Total after interest on installment cost (5%) 21,748,206 52,210,827 22,963,005 56,900,025 
Stoker—lowStoker—highGasifier—lowGasifier—high
Total before interest 18,206,846 44,185,827 18,931,645 46,162,425 
Total after interest on installment cost (5%) 21,748,206 52,210,827 22,963,005 56,900,025 
TABLE 9.

NPV and adjusted LCOE (with financing) for a combustion stoker using low estimates

Stoker biomass plantReturn on alternative investment/saving
Capital ($) 3,797,600 3,797,600 3,797,600 3,797,600 
O&M ($) 5,364,246 5,364,246 5,364,246 5,364,246 
Fuel ($) 9,045,000 9,045,000 9,045,000 9,045,000 
Total cost ($) 18,206,846 18,206,846 18,206,846 18,206,846 
Installment cost + financing at 5% interest 21,748,206 21,748,206 N/A N/A 
Electricity generation (kWh/year) 15,074,850 15,074,850 
Discount rate/interest rate (%) 3 5 3 5 
LCOE ($/kWh) 0.0443 0.0475   
Savings/kWh ($) 0.08982 0.08662 0 0 
Savings/year ($) 1,354,023 1,305,784 0 0 
Term (years) 30 30 30 30 
NPV ($) 4,791,243 −1,675,113 7,123,380 17,093,671 
Adj. LCOE (with financing) ($/kWh) 0.0560 0.0620   
Stoker biomass plantReturn on alternative investment/saving
Capital ($) 3,797,600 3,797,600 3,797,600 3,797,600 
O&M ($) 5,364,246 5,364,246 5,364,246 5,364,246 
Fuel ($) 9,045,000 9,045,000 9,045,000 9,045,000 
Total cost ($) 18,206,846 18,206,846 18,206,846 18,206,846 
Installment cost + financing at 5% interest 21,748,206 21,748,206 N/A N/A 
Electricity generation (kWh/year) 15,074,850 15,074,850 
Discount rate/interest rate (%) 3 5 3 5 
LCOE ($/kWh) 0.0443 0.0475   
Savings/kWh ($) 0.08982 0.08662 0 0 
Savings/year ($) 1,354,023 1,305,784 0 0 
Term (years) 30 30 30 30 
NPV ($) 4,791,243 −1,675,113 7,123,380 17,093,671 
Adj. LCOE (with financing) ($/kWh) 0.0560 0.0620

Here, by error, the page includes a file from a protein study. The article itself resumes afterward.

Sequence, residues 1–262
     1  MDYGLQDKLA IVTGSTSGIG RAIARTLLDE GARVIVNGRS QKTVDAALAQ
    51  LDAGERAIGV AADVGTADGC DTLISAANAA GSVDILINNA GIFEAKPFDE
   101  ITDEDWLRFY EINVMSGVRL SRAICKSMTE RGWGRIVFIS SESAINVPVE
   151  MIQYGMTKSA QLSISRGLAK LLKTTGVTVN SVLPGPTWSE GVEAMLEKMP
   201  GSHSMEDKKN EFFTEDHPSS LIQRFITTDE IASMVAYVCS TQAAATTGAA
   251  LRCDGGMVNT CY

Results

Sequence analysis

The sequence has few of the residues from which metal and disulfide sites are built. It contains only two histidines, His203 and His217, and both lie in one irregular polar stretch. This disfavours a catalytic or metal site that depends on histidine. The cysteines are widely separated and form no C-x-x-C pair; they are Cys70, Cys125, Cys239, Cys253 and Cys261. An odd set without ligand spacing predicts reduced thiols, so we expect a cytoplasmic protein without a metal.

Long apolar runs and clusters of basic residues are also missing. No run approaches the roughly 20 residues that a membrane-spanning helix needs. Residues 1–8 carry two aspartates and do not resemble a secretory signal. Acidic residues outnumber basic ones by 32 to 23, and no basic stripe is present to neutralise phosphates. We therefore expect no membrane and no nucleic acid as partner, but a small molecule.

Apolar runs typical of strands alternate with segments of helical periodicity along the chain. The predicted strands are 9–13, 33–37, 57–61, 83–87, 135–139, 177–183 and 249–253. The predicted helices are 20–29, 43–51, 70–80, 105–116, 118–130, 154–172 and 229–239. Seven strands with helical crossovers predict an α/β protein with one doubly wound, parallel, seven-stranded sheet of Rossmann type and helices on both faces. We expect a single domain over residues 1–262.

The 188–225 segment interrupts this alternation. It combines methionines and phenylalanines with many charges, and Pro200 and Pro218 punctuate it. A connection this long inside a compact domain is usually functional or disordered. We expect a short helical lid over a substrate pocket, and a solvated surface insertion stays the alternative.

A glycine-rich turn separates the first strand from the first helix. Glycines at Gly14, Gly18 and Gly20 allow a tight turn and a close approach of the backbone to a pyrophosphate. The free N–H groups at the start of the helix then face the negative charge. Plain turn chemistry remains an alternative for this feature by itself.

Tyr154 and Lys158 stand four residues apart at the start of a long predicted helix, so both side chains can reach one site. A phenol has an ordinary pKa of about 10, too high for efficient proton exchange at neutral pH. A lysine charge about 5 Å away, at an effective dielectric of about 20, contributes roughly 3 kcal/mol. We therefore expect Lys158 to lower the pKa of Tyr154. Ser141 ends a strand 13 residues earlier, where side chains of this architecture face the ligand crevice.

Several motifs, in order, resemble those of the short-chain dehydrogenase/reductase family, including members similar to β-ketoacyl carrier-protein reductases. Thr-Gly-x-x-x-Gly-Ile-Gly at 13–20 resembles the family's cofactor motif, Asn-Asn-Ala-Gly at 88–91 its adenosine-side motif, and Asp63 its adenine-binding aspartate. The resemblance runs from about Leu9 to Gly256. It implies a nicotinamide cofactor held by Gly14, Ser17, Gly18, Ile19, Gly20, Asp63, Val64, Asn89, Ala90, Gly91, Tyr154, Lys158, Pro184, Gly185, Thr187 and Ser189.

TABLE 10.

NPV and adjusted LCOE (with financing) for a combustion stoker using high estimates

Stoker biomass plantReturn on alternative investment/saving
Capital ($) 8,605,200 8,605,200 3,119,200 3,119,200 
O&M ($) 12,968,127 12,968,127 5,879,192 5,879,192 
Fuel ($) 22,612,500 22,612,500 123,480 123,480 
Total cost ($) 44,185,827 44,185,827 9,121,872 9,121,872 
Cost + financing at 5% interest 52,210,827 52,210,827 N/A N/A 
Electricity generation (kWh/year) 15,074,850 15,074,850 
Discount rate/Interest rate (%) 3 5 3 5 
LCOE ($/kWh) 0.01069 0.1140   
Savings/kWh ($) 0.02722 0.02012 0 0 
Savings/year ($) 410,337 303,306 0 0 
Term (years) 30 30 30 30 
NPV ($) −44,168,032 −47,548,271 20,927,05 45,546,576 
Adj. LCOE (with financing) ($/kWh) 0.1333 0.1470   
Stoker biomass plantReturn on alternative investment/saving
Capital ($) 8,605,200 8,605,200 3,119,200 3,119,200 
O&M ($) 12,968,127 12,968,127 5,879,192 5,879,192 
Fuel ($) 22,612,500 22,612,500 123,480 123,480 
Total cost ($) 44,185,827 44,185,827 9,121,872 9,121,872 
Cost + financing at 5% interest 52,210,827 52,210,827 N/A N/A 
Electricity generation (kWh/year) 15,074,850 15,074,850 
Discount rate/Interest rate (%) 3 5 3 5 
LCOE ($/kWh) 0.01069 0.1140   
Savings/kWh ($) 0.02722 0.02012 0 0 
Savings/year ($) 410,337 303,306 0 0 
Term (years) 30 30 30 30 
NPV ($) −44,168,032 −47,548,271 20,927,05 45,546,576 
Adj. LCOE (with financing) ($/kWh) 0.1333 0.1470   
TABLE 11.

NPV and adjusted LCOE (with financing) for a gasifier using low estimates

Gasifier biomass plantReturn on alternative investment/saving
Capital ($) 4,322,800 4,322,800 4,322,800 4,322,800 
O&M ($) 2,850,998 2,850,998 2,850,998 2,850,998 
Fuel ($) 4,634,794 4,634,794 4,634,794 4,634,794 
Total cost ($) 11,808,592 11,808,592 11,808,592 11,808,592 
Cost + financing at 5% interest 22,963,005 22,963,005 N/A N/A 
Electricity generation (kWh/year) 15,074,850 15,074,850 
Discount rate/Interest rate (%) 3 5 3 5 
LCOE ($/kWh) 0.0465 0.0500   
Savings/kWh ($) 0.08762 0.08412 0 0 
Savings/year ($) 1,320,858 1,268,096 0 0 
Term (years) 30 30 30 30 
NPV 2,926,402 −3,469,256 5,179,525 15,287,926 
Adj. LCOE with Financing ($/kWh) 0.0598 0.0666